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JAMA. 2007 Jun 6;297(21):2351-9.

Folic acid for the prevention of colorectal adenomas: a randomized clinical trial.

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Department of Community and Family Medicine, Dartmouth Medical School, Hanover, NH, USA.



Laboratory and epidemiological data suggest that folic acid may have an antineoplastic effect in the large intestine.


To assess the safety and efficacy of folic acid supplementation for preventing colorectal adenomas.


A double-blind, placebo-controlled, 2-factor, phase 3, randomized clinical trial conducted at 9 clinical centers between July 6, 1994, and October 1, 2004. Participants included 1021 men and women with a recent history of colorectal adenomas and no previous invasive large intestine carcinoma.


Participants were randomly assigned in a 1:1 ratio to receive 1 mg/d of folic acid (n = 516) or placebo (n = 505), and were separately randomized to receive aspirin (81 or 325 mg/d) or placebo. Follow-up consisted of 2 colonoscopic surveillance cycles (the first interval was at 3 years and the second at 3 or 5 years later).


The primary outcome measure was occurrence of at least 1 colorectal adenoma. Secondary outcomes were the occurrence of advanced lesions (> or =25% villous features, high-grade dysplasia, size > or =1 cm, or invasive cancer) and adenoma multiplicity (0, 1-2, or > or =3 adenomas).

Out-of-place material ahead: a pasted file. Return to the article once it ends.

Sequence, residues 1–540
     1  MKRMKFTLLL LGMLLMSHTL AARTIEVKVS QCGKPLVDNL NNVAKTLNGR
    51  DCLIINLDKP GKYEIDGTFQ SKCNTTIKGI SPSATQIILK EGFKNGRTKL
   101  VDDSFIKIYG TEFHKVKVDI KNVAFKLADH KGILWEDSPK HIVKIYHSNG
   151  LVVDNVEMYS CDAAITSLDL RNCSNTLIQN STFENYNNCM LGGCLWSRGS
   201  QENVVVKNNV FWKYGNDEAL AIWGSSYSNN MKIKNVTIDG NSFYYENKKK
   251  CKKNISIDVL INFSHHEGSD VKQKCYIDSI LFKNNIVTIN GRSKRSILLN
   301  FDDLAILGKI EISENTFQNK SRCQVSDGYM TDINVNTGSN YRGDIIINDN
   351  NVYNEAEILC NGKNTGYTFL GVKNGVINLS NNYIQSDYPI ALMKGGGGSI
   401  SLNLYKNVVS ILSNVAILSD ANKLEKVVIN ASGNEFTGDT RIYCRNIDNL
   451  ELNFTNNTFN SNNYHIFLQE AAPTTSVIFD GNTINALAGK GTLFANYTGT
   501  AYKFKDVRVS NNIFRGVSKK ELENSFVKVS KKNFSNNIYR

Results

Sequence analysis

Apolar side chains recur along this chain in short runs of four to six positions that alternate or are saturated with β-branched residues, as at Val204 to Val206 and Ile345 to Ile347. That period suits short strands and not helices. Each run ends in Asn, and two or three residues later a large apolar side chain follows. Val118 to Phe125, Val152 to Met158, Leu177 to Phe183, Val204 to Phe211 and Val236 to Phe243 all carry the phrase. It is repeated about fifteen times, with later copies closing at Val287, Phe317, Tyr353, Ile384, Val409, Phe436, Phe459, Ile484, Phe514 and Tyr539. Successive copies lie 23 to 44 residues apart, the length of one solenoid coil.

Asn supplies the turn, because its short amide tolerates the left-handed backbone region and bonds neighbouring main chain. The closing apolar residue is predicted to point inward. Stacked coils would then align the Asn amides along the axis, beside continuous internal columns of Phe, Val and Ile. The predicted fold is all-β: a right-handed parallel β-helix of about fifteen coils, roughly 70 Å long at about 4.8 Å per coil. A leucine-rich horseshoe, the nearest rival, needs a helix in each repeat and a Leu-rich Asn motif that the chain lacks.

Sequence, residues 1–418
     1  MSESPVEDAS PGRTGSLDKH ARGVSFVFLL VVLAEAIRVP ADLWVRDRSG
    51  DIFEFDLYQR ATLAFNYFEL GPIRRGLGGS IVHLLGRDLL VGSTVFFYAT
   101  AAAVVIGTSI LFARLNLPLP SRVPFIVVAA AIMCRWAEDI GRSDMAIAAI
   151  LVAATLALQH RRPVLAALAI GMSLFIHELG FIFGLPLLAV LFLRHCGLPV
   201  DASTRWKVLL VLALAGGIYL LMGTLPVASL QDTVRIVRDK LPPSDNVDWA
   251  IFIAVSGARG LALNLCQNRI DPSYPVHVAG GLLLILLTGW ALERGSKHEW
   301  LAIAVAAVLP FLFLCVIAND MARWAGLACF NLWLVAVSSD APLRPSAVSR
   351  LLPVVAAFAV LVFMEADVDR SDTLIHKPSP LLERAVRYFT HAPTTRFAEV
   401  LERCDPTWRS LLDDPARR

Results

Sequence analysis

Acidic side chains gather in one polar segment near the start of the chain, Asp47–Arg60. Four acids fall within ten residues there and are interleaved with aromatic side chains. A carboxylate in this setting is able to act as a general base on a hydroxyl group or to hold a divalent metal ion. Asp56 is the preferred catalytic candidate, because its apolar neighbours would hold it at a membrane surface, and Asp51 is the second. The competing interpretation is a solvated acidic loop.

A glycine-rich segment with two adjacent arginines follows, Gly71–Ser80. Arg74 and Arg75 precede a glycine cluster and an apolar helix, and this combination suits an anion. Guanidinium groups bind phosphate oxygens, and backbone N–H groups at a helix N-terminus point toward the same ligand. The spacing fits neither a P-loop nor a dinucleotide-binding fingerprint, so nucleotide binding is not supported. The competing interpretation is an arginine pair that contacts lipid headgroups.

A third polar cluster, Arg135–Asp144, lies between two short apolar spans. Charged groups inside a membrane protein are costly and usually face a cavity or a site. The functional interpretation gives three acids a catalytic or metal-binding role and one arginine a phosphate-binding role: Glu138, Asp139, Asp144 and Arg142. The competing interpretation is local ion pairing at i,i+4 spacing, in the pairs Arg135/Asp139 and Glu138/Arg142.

During the first 3 years, 987 participants (96.7%) underwent colonoscopic follow-up, and the incidence of at least 1 colorectal adenoma was 44.1% for folic acid (n = 221) and 42.4% for placebo (n = 206) (unadjusted risk ratio [RR], 1.04; 95% confidence interval [CI], 0.90-1.20; P = .58). Incidence of at least 1 advanced lesion was 11.4% for folic acid (n = 57) and 8.6% for placebo (n = 42) (unadjusted RR, 1.32; 95% CI, 0.90-1.92; P = .15). A total of 607 participants (59.5%) underwent a second follow-up, and the incidence of at least 1 colorectal adenoma was 41.9% for folic acid (n = 127) and 37.2% for placebo (n = 113) (unadjusted RR, 1.13; 95% CI, 0.93-1.37; P = .23); and incidence of at least 1 advanced lesion was 11.6% for folic acid (n = 35) and 6.9% for placebo (n = 21) (unadjusted RR, 1.67; 95% CI, 1.00-2.80; P = .05). Folic acid was associated with higher risks of having 3 or more adenomas and of noncolorectal cancers. There was no significant effect modification by sex, age, smoking, alcohol use, body mass index, baseline plasma folate, or aspirin allocation.


Folic acid at 1 mg/d does not reduce colorectal adenoma risk. Further research is needed to investigate the possibility that folic acid supplementation might increase the risk of colorectal neoplasia.

TRIAL REGISTRATION: Identifier: NCT00272324.

[Indexed for MEDLINE]

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